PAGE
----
The commercial partnership between the stakeholders should be rooted in aligned incentives and joint KPIs with the goal of ensuring optimal vessel performance and efficiency, both operational and technical. With shared high-frequency data being the underlying data set, owners and charterers are equipped to use cost-effective technology that powers better decision-making while still maintaining data privacy.

The upside is clear: high-frequency data can be used to determine charter rates based on real-time performance, manage technical vessel efficiency, make better operational decisions to optimize voyages, tackle increasing fuel prices, improve maritime economics, and reduce CO2 emissions.

High-frequency data enables shipowners and operators to better manage their vessels and stay compliant with new regulations

The regulatory landscape in the ocean supply chain has changed dramatically over the past years. In this more complex environment, we find ourselves necessitating revamped frameworks. The legal agreements of the past are no longer sufficient to navigate the ever-changing landscape of the maritime industry, especially in the face of emissions regulations. Previously, there was no incentive to change data sets within charter party terms as shipowners did not gain an advantage but feared negative exposure. However, today’s technology enables shipowners to maintain data privacy and creates an incentive for making high-frequency data the source of truth for transformed charter parties.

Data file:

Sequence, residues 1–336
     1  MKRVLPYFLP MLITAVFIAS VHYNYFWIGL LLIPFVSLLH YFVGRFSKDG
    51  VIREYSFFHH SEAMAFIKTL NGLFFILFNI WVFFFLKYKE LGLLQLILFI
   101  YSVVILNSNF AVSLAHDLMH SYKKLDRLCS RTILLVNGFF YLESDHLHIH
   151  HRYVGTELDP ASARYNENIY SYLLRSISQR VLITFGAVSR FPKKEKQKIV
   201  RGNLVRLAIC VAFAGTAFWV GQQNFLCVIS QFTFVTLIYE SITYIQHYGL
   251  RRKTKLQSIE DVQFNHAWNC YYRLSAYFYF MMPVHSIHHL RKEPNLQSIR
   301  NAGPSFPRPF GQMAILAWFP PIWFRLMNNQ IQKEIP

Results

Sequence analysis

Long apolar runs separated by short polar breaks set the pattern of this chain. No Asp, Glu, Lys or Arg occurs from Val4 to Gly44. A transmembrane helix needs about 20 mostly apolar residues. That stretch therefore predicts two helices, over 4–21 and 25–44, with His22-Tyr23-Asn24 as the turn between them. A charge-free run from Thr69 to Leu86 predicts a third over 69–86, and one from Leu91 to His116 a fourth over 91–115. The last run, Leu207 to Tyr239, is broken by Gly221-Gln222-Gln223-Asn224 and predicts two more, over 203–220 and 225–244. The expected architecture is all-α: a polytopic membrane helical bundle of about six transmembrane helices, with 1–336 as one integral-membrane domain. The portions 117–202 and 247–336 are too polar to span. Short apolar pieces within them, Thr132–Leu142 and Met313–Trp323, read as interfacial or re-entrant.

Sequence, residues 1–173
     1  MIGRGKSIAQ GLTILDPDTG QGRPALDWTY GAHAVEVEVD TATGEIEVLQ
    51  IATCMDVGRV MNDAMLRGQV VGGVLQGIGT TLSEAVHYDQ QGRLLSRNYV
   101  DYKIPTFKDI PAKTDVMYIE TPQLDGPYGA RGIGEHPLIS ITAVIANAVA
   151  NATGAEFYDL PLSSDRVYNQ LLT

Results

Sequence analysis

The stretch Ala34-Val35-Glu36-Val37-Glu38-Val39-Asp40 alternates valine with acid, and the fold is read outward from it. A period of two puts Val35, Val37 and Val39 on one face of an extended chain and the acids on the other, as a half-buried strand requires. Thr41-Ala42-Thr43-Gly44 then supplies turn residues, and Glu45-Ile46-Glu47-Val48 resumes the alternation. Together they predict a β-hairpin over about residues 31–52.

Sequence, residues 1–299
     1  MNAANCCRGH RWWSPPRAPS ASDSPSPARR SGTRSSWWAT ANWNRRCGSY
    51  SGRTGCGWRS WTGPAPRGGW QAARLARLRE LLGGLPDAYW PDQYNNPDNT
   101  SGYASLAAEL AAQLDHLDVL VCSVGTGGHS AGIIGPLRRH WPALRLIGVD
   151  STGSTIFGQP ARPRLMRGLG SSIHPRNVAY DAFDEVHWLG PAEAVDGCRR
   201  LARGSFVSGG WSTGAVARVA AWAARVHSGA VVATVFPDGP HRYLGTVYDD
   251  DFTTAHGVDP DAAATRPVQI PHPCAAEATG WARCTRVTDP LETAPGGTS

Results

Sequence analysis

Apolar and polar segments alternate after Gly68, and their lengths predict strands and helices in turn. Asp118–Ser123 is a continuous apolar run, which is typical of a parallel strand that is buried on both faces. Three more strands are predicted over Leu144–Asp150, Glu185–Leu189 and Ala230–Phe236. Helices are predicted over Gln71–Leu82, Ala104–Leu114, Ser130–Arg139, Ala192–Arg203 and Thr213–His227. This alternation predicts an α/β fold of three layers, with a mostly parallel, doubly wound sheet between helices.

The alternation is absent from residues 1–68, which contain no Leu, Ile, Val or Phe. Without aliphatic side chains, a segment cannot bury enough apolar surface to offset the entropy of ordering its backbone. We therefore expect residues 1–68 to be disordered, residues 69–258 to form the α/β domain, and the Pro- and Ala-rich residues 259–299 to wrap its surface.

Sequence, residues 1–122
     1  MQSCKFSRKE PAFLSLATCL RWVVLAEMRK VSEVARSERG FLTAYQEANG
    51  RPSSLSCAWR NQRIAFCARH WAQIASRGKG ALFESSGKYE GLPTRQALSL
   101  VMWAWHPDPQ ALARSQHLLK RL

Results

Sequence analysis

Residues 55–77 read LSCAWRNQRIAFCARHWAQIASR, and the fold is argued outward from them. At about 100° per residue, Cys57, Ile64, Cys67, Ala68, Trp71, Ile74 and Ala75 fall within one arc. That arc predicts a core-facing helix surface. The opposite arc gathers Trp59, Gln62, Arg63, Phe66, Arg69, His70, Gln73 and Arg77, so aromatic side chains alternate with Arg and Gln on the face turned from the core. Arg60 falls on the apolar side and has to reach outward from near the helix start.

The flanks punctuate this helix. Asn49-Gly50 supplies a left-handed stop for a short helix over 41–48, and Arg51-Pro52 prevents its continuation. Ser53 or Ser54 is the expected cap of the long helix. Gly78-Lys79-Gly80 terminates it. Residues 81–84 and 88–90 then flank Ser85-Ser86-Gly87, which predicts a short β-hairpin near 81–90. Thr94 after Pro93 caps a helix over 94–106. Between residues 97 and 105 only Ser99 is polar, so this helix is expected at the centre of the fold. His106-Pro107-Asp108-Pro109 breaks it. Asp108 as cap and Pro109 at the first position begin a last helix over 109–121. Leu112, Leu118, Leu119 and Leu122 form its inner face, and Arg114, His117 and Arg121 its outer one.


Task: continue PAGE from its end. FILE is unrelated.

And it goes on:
Green Charter is our approach to updating charter frameworks with modern solutions. Transformed charter parties create aligned incentives and foster trust and shared interests between owners and charterers. Utilizing digital twins as unbiased sources of truth, stakeholders gain the ability to make informed decisions on speed, routes, maintenance, and vessel marketing. By dismantling barriers and promoting collaboration, this innovative commercial framework applies to both voyage charters and time charters, enabling high-frequency data sharing on the international shipping industry’s path of achieving net-zero emissions by or around 2050 in line with MEPC 80.